Keeping Musk on the board meant the billionaire could only make trouble from inside Twitter and within strict constraints: Musk’s 9% stake could go no higher than 14.9%. He’d be a class II director until 2024, preventing him from taking over the company’s board. Not only would Musk be unable to take over Twitter, he likely wouldn’t have much impact on the service either, as influencing product decisions from the board is notoriously difficult.
Snubbing a board seat runs counter to how activist shareholders normally operate. Elliott Management Corp., which owns a large stake in Twitter, pushed to replace CEO Jack Dorsey in 2020 and nominated four directors for the board to give it more sway.
But Musk doesn’t go down conventional routes. He can simply tweet a product idea to his 80 million followers over a weekend and get Twitter to speed up changes that may or may not have been in the pipeline.
If buying 9% of Twitter was a capitalist power play, rejecting a board seat was a nuclear dropkick for the social media era. Musk has put himself in a position where he can now buy significantly more stock.(1) He can push the company on product ideas with the backing of millions of Twitter users. He’s free to bring his stake up to 51% and become majority shareholder. He could launch a hostile bid.
So why were Twitter’s shares trading 7% lower on Monday morning, wiping out gains from the excitement of Musk’s investment? Most likely because investors don’t buy it. Neither do I.
The one thing we know for sure about Elon Musk is that he is unpredictable. But I’ll go out on a limb and make a prediction anyway: Musk probably won’t acquire Twitter. Influencing a company is way more fun for someone like Musk than being responsible for it as a majority owner. History also shows that Musk doesn’t buy companies. He builds them from the ground up.
When it comes to assets already on the market — think Dogecoin, Bitcoin, GameStop Corp. or Etsy Inc. — he tends to talk them up and inflate their value, before losing interest and moving on.
When Musk tweeted that he “kinda loves Etsy” in January last year, the stock jumped by 9%. That same day he tweeted “Gamestonk!!” and GameStop’s shares went up by 60%. By the following month, Etsy had slid by 17%, GameStop by around 87%.
Musk is great at attracting attention to tradeable assets, sprinkling them with his unique brand of fairy dust that draws in legions of new fans. But he is not great at imbuing those assets with long-term value.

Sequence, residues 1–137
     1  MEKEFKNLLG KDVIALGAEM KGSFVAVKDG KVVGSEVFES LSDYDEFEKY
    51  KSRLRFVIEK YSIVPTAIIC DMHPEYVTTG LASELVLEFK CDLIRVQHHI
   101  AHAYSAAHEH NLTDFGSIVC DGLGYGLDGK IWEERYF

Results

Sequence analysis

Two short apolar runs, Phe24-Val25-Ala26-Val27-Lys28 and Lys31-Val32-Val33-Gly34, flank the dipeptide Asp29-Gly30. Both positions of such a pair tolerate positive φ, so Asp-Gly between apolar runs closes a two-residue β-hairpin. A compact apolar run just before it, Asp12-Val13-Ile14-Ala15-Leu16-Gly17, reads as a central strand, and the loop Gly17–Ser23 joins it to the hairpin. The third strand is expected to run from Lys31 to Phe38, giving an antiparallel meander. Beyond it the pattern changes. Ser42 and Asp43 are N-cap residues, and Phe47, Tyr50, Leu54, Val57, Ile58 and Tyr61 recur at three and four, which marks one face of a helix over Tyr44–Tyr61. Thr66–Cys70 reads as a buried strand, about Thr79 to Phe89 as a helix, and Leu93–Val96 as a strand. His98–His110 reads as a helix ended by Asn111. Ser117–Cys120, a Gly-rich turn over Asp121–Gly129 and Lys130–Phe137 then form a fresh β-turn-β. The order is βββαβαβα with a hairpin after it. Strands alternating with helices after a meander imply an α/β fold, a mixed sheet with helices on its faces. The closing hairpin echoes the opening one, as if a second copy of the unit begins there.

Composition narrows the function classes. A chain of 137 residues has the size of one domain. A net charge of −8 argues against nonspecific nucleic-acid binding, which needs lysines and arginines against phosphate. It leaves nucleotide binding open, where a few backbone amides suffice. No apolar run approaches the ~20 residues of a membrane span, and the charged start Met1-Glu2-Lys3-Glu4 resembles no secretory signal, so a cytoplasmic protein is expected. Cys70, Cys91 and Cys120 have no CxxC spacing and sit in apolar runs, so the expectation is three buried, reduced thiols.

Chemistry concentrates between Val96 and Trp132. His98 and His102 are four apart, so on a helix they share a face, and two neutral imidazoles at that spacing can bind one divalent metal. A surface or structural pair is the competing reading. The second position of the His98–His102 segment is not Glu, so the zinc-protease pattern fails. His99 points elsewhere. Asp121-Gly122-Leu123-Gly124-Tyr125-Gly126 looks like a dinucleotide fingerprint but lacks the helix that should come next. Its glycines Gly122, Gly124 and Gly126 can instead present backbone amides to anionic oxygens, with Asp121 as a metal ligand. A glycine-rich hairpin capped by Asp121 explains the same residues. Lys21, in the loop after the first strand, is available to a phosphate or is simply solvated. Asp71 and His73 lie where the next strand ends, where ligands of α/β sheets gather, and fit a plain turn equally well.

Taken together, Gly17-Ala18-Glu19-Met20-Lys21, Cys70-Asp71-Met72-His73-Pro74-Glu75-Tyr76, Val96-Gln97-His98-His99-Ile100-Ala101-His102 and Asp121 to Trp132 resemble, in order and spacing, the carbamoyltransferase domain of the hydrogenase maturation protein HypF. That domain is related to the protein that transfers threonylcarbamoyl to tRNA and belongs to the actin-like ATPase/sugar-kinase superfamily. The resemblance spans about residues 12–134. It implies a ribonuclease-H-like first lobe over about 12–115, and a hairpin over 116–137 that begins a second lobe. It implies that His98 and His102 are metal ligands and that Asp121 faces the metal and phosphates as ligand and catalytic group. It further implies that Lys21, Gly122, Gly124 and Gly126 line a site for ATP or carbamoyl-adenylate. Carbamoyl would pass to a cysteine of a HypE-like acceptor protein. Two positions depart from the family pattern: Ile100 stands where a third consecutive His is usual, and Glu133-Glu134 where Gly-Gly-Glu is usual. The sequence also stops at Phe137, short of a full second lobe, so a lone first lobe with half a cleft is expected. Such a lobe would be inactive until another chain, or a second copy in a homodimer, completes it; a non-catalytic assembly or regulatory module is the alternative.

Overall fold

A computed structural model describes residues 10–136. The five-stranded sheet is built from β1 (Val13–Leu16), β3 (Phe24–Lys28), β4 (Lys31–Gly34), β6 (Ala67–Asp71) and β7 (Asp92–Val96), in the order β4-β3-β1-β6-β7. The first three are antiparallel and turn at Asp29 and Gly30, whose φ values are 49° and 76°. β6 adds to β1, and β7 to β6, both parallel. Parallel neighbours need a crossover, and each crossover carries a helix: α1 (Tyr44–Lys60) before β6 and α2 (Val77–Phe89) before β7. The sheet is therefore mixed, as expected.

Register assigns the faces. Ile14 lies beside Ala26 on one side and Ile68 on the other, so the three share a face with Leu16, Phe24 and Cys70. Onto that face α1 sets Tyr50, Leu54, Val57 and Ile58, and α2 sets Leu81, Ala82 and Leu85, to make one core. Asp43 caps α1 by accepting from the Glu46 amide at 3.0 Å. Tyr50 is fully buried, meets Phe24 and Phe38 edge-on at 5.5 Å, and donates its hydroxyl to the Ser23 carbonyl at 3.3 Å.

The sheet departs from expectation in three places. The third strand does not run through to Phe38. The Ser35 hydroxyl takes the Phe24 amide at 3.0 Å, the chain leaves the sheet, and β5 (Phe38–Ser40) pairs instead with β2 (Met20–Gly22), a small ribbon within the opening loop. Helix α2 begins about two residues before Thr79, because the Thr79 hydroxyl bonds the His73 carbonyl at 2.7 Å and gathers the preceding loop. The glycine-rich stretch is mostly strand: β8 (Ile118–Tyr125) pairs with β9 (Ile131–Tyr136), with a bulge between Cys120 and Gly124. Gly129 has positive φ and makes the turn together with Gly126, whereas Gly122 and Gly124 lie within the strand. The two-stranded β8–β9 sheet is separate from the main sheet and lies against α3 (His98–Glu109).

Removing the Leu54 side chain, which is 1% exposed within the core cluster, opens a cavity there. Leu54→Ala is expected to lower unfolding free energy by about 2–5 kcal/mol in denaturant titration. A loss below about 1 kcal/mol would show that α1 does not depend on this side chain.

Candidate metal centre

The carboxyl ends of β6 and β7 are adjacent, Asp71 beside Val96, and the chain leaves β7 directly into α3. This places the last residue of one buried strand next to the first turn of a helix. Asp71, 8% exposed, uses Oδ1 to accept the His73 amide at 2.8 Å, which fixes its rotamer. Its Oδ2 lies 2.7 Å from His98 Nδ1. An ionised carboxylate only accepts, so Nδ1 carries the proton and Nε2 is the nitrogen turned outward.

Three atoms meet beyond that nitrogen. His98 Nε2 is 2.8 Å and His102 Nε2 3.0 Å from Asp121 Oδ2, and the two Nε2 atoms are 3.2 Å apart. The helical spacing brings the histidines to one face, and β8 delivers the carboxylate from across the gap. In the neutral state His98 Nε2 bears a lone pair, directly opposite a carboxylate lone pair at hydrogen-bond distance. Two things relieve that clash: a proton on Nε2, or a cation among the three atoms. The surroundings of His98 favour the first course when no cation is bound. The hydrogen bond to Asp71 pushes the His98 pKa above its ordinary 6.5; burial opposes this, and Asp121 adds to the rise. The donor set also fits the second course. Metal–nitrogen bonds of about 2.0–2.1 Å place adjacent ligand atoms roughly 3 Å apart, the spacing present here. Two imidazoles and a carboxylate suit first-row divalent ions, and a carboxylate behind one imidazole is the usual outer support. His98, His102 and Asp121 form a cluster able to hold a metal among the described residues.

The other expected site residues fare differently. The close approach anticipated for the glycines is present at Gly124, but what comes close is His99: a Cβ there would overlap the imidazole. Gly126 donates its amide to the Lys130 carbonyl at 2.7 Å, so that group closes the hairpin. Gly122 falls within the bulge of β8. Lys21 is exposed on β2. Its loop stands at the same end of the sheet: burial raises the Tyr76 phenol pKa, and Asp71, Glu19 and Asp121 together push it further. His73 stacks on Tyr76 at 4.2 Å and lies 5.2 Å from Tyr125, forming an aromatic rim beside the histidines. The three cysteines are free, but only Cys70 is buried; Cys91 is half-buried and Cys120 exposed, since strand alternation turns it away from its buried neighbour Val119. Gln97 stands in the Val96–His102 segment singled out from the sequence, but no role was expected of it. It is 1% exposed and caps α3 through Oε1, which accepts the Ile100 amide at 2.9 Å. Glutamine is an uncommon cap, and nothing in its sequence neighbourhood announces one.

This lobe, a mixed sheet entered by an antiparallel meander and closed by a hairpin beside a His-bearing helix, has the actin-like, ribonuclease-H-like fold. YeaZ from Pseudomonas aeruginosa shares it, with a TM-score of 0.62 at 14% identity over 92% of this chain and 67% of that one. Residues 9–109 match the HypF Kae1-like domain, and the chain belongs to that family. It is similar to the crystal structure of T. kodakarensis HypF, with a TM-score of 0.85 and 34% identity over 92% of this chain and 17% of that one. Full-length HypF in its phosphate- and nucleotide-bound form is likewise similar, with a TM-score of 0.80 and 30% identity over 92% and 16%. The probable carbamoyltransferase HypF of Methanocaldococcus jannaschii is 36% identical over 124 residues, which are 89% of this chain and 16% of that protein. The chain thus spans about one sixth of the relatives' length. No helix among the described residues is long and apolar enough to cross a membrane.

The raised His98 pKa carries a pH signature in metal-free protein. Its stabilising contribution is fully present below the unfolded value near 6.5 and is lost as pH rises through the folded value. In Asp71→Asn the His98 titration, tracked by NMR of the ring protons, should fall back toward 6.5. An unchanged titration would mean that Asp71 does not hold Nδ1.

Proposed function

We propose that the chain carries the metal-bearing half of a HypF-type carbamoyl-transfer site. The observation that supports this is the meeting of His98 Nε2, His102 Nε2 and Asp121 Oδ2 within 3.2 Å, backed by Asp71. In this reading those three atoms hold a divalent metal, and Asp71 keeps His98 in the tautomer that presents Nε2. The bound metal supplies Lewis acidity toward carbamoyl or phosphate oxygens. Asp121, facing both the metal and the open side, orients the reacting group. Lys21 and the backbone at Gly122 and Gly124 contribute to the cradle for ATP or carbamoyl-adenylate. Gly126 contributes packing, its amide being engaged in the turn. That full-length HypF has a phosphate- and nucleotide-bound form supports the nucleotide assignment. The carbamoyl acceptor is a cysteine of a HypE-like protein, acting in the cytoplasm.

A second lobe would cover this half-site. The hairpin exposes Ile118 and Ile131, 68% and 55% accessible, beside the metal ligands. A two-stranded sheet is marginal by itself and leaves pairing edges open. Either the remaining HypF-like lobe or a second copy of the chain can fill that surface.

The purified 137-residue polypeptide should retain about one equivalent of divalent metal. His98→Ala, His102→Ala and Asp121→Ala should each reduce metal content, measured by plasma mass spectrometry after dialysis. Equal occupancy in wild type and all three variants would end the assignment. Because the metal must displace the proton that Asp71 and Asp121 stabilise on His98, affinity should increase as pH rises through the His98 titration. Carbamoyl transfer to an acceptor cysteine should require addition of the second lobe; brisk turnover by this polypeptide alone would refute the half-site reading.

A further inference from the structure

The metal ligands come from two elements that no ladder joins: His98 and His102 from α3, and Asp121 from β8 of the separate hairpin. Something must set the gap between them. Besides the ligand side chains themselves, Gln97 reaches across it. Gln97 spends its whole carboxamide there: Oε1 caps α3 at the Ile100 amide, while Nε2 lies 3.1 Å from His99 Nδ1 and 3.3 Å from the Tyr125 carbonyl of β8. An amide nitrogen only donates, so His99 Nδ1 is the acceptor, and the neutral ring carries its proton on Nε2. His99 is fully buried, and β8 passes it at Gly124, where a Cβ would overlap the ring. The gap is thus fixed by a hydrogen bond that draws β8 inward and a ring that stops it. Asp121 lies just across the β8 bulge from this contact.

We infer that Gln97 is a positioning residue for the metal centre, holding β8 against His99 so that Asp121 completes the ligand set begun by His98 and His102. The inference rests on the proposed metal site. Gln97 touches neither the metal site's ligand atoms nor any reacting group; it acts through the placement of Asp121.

Twitter is admittedly a different story. Musk has spent close to $3 billion to become the social-media firm’s biggest shareholder, and he appears to have had serious discussions with its management. But as someone who has repeatedly thumbed his nose at the U.S. Securities and Exchange Commission, he is badly suited to guiding a social-media business, which increasingly involves heeding new rules from policy makers in Europe and elsewhere.
Judging by his tweets, Musk’s interest in Twitter seems more geared toward influencing the company in a direction that suits his ideological worldview, which, despite his brilliant engineering mind, includes a warped understanding of what free speech means.
He has, for instance, wrongly propagated the notion that Twitter is a “public square” obligated to protect free speech. As a private company, it is not. In his own business, he has conflated free speech with offensive speech, telling Black workers to be “thick-skinned” about racist language in Tesla’s California factory. He tweeted a meme comparing Canadian Prime Minister Justin Trudeau with Adolf Hitler last February.
In March, as he was quietly amassing shares in Twitter, Musk polled his followers with a loaded question about free speech. That kind of discussion is important in its own way, but none of it is helpful to Twitter as a company. Posting inane polls to millions of fans is a distraction, as Agrawal rightly said, not a smart way to steer an online product. (2)
At best, Musk is trolling Twitter’s management. At worst, he wants to push the company to loosen its moderation standards, giving him more leeway to tweet about whatever topic — from GameStop to Tesla and SpaceX — has or needs his attention. Somewhere in the middle, he’s turning Twitter into a volatile meme stock that could jump or slide in tandem with his state of mind. If history suggests anything, Musk is more likely to make trouble for the company than put up a bid.
(1) He has to discloseany changes equal to 1% or more.
(2) Though Musk raised reasonable points about enhancing Twitter’s ability to make money, such as giving everyone who signs up for Twitter’s subscription service a “verified” check mark, he also suggestedturning Twitter’s headquarters into a homeless shelter.
Parmy Olson is a Bloomberg Opinion columnist covering technology. She previously reported for the Wall Street Journal and Forbes and is the author of ‘We Are Anonymous.’
the App to get 14 days of unlimited access to Mint Premium absolutely free!